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Plastics and cranks...

The E-13 guides have been extremely sucessful for many reasons: First, the plastic bash guard is maintenance free. They work, they don't bend, chip, dent, develop burrs that hook the chain or any of the other annoying features that metal bash guards have. However, the reason that the E-13 guard is so good is that the plastic that is used has very good impact properties and it has sufficiently high amounts of material to handle these hits. As for the Shimano bash guard, only time will tell if their minimalistic design will hold up.

As far as the cranks themselves are concerned, I have far more respect for the design of the Raceface crank over the Saint crank. There are several advantages to the Raceface Diabolus crank, including its wider axle width of 118 vs. 113 which allows more room for chainguides. Additionally, the Diabolus crank has 7mm of lateral adjustment; the Saint crank has none. Further more, the back end of the Saint crank has clearance issues on some frames. The Raceface crank has bearing shields and has a great (but not original) crank removal bolt integrated into it.

Add on Raceface's excellent warrany support and I don't think that there is much of a comparison. The only thing I can knock Raceface for is not bringing out longer BB axle lengths (Diabolus is 118mm and Atlas is 113 - it will be nice when they have 128 and 118mm respectively) right off the bat, but I guess that's a pretty small market segment. Otherwise, I really, really like the design far more than the Saint Crank design.
 

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Thanks, Noel.

knollybikes.com said:
The E-13 guides have been extremely sucessful for many reasons: First, the plastic bash guard is maintenance free. They work, they don't bend, chip, dent, develop burrs that hook the chain or any of the other annoying features that metal bash guards have. However, the reason that the E-13 guard is so good is that the plastic that is used has very good impact properties and it has sufficiently high amounts of material to handle these hits. As for the Shimano bash guard, only time will tell if their minimalistic design will hold up.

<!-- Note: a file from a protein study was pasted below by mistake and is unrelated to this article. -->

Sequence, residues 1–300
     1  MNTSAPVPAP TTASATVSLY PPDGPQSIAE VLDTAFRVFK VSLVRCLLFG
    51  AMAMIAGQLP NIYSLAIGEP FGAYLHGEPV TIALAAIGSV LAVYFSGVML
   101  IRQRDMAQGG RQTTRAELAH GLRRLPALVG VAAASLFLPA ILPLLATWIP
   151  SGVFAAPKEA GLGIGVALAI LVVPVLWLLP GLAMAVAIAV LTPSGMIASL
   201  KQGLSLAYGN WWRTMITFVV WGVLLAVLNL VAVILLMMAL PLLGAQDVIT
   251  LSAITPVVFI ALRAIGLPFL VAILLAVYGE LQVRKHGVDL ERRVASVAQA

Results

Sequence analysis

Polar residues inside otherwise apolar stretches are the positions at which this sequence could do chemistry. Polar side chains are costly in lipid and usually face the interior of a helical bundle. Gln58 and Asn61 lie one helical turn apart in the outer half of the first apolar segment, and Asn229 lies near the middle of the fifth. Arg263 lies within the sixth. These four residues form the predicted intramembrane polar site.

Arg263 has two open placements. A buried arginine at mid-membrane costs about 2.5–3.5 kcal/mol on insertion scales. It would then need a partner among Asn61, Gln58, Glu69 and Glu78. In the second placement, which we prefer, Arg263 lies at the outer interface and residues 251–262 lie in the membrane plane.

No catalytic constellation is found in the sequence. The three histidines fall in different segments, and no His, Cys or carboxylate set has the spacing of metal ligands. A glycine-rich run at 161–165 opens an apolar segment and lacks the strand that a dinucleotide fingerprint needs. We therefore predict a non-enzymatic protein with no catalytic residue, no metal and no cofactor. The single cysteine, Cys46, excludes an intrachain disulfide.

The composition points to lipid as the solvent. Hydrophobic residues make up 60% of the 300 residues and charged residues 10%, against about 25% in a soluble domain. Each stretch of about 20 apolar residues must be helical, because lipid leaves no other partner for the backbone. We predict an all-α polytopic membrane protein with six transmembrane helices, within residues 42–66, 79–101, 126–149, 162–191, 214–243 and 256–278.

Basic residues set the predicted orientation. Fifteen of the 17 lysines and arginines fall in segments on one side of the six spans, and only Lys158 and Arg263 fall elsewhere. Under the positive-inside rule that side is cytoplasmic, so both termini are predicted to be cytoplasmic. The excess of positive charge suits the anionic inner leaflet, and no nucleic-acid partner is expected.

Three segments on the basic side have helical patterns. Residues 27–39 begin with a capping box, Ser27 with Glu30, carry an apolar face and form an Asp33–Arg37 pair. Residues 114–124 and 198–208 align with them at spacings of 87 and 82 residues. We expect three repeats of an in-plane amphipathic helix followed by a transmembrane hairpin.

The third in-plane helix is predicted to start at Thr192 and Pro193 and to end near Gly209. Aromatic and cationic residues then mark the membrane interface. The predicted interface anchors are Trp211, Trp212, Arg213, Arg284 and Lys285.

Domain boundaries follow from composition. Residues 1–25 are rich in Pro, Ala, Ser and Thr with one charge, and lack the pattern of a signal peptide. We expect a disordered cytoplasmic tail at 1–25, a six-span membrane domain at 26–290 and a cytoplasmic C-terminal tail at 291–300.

As far as the cranks themselves are concerned, I have far more respect for the design of the Raceface crank over the Saint crank. There are several advantages to the Raceface Diabolus crank, including its wider axle width of 118 vs. 113 which allows more room for chainguides. Additionally, the Diabolus crank has 7mm of lateral adjustment; the Saint crank has none. Further more, the back end of the Saint crank has clearance issues on some frames. The Raceface crank has bearing shields and has a great (but not original) crank removal bolt integrated into it.

Add on Raceface's excellent warrany support and I don't think that there is much of a comparison. The only thing I can knock Raceface for is not bringing out longer BB axle lengths (Diabolus is 118mm and Atlas is 113 - it will be nice when they have 128 and 118mm respectively) right off the bat, but I guess that's a pretty small market segment. Otherwise, I really, really like the design far more than the Saint Crank design.
That is the kind of informed review that was needed here. I am hoping that my shop will send me to Interbike this year. Are you going?